This finding opens the door to using boredom as a content-independent trigger for proactive recommendations. Assuming that proactive recommendations delivered via mobile phone notifications will become more common in the future, using boredom as trigger will benefit service providers as well as the end users:
End users will receive fewer recommendations that are triggered during times when they are busy. Service providers can use it to reduce the fraction of unsuccessful recommendations, which, for example, decreases the likelihood that users develop notification blindness towards proactive recommendations.

The results will be presented at the Workshop: Smarttention, Please! Intelligent Attention Management on Mobile Devices — Workshop @ MobileHCI ’15: ACM International Conference on Human-Computer Interaction with Mobile Devices and Services, 2015 to be held from Aug 24 – 27 in Copenhagen, Denmark.

Boredom-Triggered Proactive Recommendations.
Martin Pielot, Linas Baltrunas, and Nuria Oliver.
Smarttention, Please! Intelligent Attention Management on Mobile Devices — Workshop @ MobileHCI, 2015.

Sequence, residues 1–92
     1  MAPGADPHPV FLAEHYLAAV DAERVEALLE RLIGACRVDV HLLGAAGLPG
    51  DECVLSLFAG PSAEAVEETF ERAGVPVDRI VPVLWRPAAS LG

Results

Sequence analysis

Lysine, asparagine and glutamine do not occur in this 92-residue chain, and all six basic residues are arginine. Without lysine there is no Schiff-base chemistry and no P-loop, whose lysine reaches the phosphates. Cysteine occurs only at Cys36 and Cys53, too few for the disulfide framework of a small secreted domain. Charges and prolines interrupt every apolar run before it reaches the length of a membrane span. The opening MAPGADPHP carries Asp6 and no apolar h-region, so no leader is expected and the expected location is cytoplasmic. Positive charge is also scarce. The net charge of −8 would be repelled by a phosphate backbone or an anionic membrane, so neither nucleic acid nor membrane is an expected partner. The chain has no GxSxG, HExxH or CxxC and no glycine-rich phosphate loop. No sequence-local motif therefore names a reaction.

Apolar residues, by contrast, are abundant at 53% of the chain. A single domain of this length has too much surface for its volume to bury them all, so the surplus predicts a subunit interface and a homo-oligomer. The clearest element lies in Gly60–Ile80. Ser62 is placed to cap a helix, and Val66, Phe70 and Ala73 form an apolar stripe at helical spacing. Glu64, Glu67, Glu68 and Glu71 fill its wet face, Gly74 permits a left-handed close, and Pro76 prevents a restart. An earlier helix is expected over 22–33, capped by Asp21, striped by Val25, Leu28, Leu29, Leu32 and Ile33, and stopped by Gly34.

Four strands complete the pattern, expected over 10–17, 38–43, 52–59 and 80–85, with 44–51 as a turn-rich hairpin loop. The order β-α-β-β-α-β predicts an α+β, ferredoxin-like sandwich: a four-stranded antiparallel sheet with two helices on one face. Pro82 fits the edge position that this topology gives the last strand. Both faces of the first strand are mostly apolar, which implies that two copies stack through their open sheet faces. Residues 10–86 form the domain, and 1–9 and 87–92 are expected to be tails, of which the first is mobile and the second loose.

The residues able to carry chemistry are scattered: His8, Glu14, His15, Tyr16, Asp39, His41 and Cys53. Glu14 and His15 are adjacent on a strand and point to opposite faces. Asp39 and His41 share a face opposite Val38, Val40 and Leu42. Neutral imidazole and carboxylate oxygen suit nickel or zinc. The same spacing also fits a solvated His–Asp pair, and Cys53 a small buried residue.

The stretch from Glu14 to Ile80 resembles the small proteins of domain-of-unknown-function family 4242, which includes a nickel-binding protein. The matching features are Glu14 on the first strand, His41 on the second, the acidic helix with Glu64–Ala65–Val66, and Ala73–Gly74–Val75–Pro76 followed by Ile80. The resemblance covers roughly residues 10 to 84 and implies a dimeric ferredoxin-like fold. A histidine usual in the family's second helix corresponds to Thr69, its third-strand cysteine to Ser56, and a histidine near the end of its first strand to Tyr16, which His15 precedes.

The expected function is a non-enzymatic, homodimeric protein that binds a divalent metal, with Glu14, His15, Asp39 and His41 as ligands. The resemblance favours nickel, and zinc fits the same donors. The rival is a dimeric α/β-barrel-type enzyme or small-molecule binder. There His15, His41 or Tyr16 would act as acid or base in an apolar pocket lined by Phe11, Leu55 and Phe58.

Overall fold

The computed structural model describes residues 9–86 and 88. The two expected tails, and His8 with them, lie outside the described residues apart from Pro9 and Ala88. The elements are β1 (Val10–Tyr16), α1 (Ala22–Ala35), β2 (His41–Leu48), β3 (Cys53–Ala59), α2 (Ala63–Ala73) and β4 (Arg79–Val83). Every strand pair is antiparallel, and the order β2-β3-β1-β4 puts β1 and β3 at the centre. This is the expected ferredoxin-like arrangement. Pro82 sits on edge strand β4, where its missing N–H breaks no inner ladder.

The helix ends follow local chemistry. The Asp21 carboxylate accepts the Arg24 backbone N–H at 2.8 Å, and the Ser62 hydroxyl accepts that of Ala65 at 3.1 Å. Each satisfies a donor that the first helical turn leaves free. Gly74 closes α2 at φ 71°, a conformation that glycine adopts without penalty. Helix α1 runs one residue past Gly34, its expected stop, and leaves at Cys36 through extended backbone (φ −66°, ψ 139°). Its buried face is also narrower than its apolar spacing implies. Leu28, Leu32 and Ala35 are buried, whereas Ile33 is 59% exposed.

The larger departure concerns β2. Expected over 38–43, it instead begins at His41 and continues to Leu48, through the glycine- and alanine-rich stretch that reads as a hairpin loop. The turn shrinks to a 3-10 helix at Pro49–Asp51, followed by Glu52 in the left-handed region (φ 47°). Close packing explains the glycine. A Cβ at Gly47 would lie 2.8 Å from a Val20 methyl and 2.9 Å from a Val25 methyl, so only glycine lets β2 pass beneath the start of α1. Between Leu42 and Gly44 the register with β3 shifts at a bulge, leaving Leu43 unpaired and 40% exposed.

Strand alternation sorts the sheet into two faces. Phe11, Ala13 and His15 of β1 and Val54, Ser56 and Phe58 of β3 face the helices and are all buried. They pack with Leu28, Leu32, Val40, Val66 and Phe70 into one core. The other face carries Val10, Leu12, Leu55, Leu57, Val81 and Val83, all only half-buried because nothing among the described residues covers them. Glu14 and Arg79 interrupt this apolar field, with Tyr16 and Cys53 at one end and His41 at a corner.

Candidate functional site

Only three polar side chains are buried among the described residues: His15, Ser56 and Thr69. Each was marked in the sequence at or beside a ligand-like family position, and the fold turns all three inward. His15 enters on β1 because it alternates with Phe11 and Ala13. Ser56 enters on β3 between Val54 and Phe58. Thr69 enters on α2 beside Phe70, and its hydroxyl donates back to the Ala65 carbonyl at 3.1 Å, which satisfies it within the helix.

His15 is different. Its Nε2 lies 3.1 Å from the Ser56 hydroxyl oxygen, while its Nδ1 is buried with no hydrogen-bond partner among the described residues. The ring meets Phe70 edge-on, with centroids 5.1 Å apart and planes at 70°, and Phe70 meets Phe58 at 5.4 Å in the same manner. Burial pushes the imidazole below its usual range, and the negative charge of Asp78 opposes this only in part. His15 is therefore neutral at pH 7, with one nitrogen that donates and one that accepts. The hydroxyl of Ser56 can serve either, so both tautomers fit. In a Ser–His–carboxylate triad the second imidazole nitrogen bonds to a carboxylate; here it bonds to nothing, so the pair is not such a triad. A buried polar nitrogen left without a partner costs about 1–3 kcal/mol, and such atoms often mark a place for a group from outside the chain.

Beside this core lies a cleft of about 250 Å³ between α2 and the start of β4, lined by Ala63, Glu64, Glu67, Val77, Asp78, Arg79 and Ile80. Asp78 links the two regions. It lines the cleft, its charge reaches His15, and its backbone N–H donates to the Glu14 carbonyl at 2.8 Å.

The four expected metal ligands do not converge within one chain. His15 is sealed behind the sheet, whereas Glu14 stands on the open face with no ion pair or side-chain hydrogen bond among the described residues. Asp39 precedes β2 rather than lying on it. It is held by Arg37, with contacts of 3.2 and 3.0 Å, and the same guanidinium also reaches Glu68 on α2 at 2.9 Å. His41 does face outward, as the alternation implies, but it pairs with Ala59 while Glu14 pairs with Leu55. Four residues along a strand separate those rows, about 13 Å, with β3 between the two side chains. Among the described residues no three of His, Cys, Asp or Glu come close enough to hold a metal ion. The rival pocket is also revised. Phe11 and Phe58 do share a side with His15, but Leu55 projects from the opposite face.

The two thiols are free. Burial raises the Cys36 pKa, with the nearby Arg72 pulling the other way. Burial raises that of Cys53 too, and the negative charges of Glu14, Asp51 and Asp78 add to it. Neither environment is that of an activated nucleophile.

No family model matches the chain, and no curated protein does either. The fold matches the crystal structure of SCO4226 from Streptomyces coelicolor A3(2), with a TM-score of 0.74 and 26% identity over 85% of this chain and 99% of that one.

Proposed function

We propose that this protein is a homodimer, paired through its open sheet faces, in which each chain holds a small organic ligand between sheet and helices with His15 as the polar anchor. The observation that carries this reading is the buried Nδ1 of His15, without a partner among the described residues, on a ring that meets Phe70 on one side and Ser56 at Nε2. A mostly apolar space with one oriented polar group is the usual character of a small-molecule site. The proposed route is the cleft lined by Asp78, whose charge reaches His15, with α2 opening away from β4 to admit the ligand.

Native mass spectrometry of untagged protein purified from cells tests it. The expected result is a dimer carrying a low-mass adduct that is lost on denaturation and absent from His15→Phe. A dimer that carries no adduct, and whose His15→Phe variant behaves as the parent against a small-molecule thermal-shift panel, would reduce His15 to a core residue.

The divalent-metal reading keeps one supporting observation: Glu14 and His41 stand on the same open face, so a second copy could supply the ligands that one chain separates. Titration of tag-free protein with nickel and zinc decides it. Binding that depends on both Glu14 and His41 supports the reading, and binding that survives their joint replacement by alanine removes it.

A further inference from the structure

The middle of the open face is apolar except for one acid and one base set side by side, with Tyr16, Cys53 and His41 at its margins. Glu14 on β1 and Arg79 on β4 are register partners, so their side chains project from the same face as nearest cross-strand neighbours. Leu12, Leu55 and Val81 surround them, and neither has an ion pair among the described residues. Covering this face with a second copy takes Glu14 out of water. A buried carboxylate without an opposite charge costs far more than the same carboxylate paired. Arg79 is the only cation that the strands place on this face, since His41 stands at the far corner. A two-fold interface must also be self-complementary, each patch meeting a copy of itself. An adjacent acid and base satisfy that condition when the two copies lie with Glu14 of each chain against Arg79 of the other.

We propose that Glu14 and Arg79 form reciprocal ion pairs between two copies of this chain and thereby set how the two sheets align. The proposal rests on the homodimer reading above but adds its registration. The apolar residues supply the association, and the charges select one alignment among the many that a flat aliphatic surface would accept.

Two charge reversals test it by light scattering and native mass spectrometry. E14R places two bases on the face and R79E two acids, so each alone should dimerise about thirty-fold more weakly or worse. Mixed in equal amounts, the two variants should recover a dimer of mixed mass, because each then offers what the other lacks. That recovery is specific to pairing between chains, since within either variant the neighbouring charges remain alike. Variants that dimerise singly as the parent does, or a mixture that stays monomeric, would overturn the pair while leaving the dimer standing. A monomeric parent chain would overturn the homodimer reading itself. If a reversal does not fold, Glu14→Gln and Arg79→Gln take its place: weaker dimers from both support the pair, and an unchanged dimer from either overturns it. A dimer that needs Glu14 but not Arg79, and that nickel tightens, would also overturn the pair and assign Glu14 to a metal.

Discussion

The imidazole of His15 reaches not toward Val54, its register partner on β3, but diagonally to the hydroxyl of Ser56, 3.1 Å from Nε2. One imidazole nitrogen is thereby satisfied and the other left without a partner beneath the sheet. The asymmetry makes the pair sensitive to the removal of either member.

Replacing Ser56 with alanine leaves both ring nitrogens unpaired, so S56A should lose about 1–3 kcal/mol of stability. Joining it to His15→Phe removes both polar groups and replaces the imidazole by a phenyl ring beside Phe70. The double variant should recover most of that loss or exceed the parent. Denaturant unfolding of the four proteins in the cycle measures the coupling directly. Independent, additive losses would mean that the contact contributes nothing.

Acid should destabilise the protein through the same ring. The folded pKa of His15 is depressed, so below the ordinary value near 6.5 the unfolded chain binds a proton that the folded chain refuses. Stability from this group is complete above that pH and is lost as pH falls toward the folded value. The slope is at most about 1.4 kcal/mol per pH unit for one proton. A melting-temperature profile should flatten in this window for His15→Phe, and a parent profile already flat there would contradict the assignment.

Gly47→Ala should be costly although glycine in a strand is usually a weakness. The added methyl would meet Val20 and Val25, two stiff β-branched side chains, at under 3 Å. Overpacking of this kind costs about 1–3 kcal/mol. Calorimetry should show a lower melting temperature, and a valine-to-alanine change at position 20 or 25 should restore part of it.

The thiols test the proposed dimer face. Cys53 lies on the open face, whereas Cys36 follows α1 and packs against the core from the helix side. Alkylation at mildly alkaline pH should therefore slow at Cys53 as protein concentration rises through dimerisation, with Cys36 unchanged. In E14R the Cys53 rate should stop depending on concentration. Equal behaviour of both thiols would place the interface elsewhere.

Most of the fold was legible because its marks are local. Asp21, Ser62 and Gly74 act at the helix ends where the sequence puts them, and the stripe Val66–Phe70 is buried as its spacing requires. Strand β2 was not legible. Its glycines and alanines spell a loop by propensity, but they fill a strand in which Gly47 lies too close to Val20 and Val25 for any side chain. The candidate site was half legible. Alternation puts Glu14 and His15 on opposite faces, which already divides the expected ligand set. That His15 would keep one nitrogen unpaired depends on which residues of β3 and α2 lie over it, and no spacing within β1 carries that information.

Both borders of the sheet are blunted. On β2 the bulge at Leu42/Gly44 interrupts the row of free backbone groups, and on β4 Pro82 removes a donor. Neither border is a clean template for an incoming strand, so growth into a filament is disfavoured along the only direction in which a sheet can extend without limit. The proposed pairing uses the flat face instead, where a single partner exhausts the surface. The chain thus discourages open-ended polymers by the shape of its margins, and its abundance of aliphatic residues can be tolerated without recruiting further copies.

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Quantifying Attentiveness towards Mobile Messaging (MobileHCI ’15)

Social norm has it that people are expected to respond to mobile phone messages quickly. However, notifications may arrive to our mobile phones at any place and any time, which, depending on the concurrent activity, can be disruptive for the user. Hence, research has explored ways to reduce the chance of disrupting users by deferring the delivery of notifications until opportune moments.

nummsgs For most people, the majority of notifications come from messengers, such as WhatsApp or SMS. This type of communication goes along with high this type of communication social expectations. The majority of the people expect people with whom they frequently communicate to respond within a few minutes. Thus, deferral cannot be indefinite: it requires a bound, that is, a maximum delay before the notification is delivered, not matter how disrupting it might be.

But, what is the right bound?
Social expectations suggest a few minutes maximum. However, how likely is it that an opportune moment occurs within 5 minutes?

We collected evidence regarding these questions in our work I’ll be there for you: Quantifying Attentiveness towards Mobile Messaging.

boxhour
This diagram visualizes how attentive people where predicted to be on average for the different hours of the day.
boxday
This diagram visualizes how attentive people where predicted to be on average for the different days of the week.

Over the course of two weeks, we collected more than 55,000 message notifications from 42 mobile phone users. On the basis of this data, we trained our previously described machine-learning model to predict attentiveness. This model uses sensor data from the phone to predict with close to 80% accuracy, whether a mobile phone user will attend to a message within 2 minutes or not.